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A tribal ambush in the hunt for lipstick and chewing gum?
Here are four everyday products I bet you never knew contained derivations of petrol: lipstick, gum, crayons and aspirin. Everyone knows that petroleum provides gasoline for our cars and jet fuel for airplanes, but our global, national and individual dependency on the substance is in fact far more culturally interwoven than one would think.
In about 125 years we have managed to consume over half of the world’s 50-300 million year old petrol resources and due to increases in extraction technology and equipment, consumption has never been as high as it is now. Our current global demand for and rate of consumption of petroleum is unsustainable. In a few years’ time, at most, global petrol extraction will reach ‘Peak Oil’, marking the point of maximum production, and its subsequent, rapid decline.
However, we do not have the infrastructure nor sufficient alternatives in place which would enable us to make a global transition to alternative energies come that day. Therefore, as citizens of the World we must ask, why not? Why are we investing so much money on conflict, on weaponry, on nuclear power, on oil, when our imminent future is dependent on the sourcing of renewable energies?
Despite the undeniable depletion of our World’s petroleum there is another face to this story: the oil industry is an ugly business. It is one which tends to make the rich richer and the poor, poorer, being as it is, one of the biggest international commodities. In our blind-sighted thirst for this resource, we have forgotten our humanity. Let me introduce you to the case of Ecuador’s national park, Yasuní, arguably the most bio-diverse place on Earth. Yasuní national park covers an area of 9,820km² deep in the Ecuadorean Amazon jungle. Since the discovery of oil there, estimated to be 20% of Ecuador’s total petrol reserves, Ecuador’s president, Rafael Correa, initiated an ambitious plan; he asked rich nations to donate half the expected revenue anticipated to be generated over ten years from the national park’s oil reserves, in order to leave the oil in the ground. As he stated, this was not a charity fund, but away in which the World could responsibly contribute to the reduction of greenhouse emissions.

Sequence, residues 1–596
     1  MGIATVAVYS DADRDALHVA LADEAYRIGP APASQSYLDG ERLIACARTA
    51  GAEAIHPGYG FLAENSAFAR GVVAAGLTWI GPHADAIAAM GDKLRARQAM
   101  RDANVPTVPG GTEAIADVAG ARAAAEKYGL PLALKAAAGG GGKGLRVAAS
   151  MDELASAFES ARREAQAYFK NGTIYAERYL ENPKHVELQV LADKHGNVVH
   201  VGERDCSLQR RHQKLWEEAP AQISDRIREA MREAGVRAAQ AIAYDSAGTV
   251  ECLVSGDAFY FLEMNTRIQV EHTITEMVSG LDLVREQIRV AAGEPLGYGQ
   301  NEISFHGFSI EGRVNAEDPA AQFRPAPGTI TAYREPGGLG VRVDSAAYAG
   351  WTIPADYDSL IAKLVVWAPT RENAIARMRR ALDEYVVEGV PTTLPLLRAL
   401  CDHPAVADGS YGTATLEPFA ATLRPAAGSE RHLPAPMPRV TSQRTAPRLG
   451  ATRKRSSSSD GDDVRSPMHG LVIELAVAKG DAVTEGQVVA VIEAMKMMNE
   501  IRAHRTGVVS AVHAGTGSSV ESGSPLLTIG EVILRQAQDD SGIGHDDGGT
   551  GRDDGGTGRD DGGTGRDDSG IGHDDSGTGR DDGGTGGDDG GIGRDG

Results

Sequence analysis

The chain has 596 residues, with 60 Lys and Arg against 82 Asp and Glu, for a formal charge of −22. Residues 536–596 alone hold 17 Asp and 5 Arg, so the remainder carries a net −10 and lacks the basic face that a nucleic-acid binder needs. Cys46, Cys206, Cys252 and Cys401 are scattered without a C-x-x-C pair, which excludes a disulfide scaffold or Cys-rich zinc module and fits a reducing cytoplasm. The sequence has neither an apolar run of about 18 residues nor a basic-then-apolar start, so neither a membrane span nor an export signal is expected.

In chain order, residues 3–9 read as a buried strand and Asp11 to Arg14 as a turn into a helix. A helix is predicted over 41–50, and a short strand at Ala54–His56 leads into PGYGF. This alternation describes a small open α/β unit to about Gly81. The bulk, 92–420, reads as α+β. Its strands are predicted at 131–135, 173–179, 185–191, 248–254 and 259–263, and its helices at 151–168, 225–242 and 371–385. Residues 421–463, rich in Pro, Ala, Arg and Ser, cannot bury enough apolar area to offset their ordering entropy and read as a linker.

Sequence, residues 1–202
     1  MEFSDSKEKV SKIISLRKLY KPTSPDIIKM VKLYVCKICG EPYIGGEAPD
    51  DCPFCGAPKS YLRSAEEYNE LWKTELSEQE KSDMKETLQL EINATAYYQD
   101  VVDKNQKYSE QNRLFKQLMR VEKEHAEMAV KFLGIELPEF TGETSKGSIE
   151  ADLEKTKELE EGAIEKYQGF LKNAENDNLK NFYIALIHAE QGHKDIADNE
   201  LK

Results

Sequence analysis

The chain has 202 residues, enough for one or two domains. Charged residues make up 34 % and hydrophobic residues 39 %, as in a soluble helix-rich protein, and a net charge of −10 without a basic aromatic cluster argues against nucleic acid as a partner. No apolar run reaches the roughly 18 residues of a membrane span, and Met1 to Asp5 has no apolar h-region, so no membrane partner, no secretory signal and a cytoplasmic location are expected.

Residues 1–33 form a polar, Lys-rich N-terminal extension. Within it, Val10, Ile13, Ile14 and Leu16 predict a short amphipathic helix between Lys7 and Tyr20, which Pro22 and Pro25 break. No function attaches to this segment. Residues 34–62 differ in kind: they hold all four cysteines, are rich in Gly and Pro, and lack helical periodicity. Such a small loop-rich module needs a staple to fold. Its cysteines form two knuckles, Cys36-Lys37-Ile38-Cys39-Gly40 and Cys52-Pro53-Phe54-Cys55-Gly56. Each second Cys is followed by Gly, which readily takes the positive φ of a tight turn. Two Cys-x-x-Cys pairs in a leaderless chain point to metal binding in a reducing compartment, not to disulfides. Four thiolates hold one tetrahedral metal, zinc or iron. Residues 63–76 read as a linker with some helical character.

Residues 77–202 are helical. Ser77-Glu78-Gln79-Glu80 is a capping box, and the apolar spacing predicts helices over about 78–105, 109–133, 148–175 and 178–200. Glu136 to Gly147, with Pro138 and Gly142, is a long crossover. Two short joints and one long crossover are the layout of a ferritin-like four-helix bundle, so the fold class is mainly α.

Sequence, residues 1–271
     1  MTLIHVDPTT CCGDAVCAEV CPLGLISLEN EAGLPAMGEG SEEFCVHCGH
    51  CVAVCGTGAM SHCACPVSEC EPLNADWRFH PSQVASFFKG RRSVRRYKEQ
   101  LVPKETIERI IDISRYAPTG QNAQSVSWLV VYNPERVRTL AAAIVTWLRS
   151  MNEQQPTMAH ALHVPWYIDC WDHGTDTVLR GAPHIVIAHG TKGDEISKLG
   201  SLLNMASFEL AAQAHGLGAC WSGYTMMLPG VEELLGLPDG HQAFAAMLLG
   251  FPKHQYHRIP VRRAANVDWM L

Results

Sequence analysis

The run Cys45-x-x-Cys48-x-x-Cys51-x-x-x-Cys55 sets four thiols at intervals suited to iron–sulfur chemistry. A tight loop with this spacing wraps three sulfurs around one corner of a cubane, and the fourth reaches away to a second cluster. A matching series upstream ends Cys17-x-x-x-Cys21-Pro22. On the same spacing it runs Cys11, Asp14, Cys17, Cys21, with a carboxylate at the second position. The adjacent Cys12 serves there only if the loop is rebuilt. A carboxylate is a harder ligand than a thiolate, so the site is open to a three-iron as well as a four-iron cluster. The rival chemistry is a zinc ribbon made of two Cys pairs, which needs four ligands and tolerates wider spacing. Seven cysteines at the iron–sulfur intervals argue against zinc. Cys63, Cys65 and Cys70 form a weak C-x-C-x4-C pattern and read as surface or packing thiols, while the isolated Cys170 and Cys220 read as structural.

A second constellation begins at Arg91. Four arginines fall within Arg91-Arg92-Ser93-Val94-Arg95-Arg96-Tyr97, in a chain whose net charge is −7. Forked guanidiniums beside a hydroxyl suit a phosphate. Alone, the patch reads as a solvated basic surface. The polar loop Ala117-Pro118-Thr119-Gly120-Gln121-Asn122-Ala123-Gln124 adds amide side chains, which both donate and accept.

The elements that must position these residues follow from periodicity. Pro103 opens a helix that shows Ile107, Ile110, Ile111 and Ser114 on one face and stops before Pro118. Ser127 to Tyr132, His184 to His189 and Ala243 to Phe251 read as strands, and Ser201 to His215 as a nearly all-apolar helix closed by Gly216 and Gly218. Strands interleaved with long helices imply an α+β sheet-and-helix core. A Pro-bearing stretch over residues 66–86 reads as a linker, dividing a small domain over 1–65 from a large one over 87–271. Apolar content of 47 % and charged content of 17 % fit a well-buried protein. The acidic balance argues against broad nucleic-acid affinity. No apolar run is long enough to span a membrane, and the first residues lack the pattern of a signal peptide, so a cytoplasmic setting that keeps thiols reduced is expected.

On account of the funds raised falling short of the $7.2bn benchmark, plans to exploit the park ‘responsibly’ are due to go ahead. However, as I mentioned previously, Yasuní’s biological diversity is rivalled by none. Many of its plant and animal species are endemic to the area, with over 130 species of animal, such as the giant armadillo and jaguar, threatened by extinction as it is. Moreover, the national park since 1989, a designated UNESCO Biosphere reserve, is home to two indigenous tribes, the Tageari and the Taromenane who are in voluntary isolation.
Exploiting the national park’s oil reserves will threaten and affect the species living there by unavoidable petrol contamination, sound pollution, deforestation and subsequent illegal lodging, poaching and colonization in the area. Despite Correa’s insistence of safe operation methods, contamination and detrimental effects to the environment are unavoidable and to be expected. Alternative energy sources are available to be exploited, developed and invested in, so why can’t we leave the oil reserves below Yasuní untapped? In lieu of this, I am asking: can we justify this to happen for the lifestyles that we are used to leading?
The Amazon does not just represent the planet’s greatest biodiversity, but it provides around 20% of the World’s oxygen. By compromising that, we are threatening a vital life source for all living beings. I think it is unrealistic to suggest that we should cut out all petrol-derived products, we are nowhere near the stage of being able to do that yet, not nationally nor on an individual basis, but I think that each one of us can become more conscious of their use of petrol and see what they can do in their life to reduce that consumption.
Moreover, we must raise our voices to protect those places of wilderness and biodiversity, which are not just national but global treasures. We are our Planet. Can you justify it?Tweet Share3
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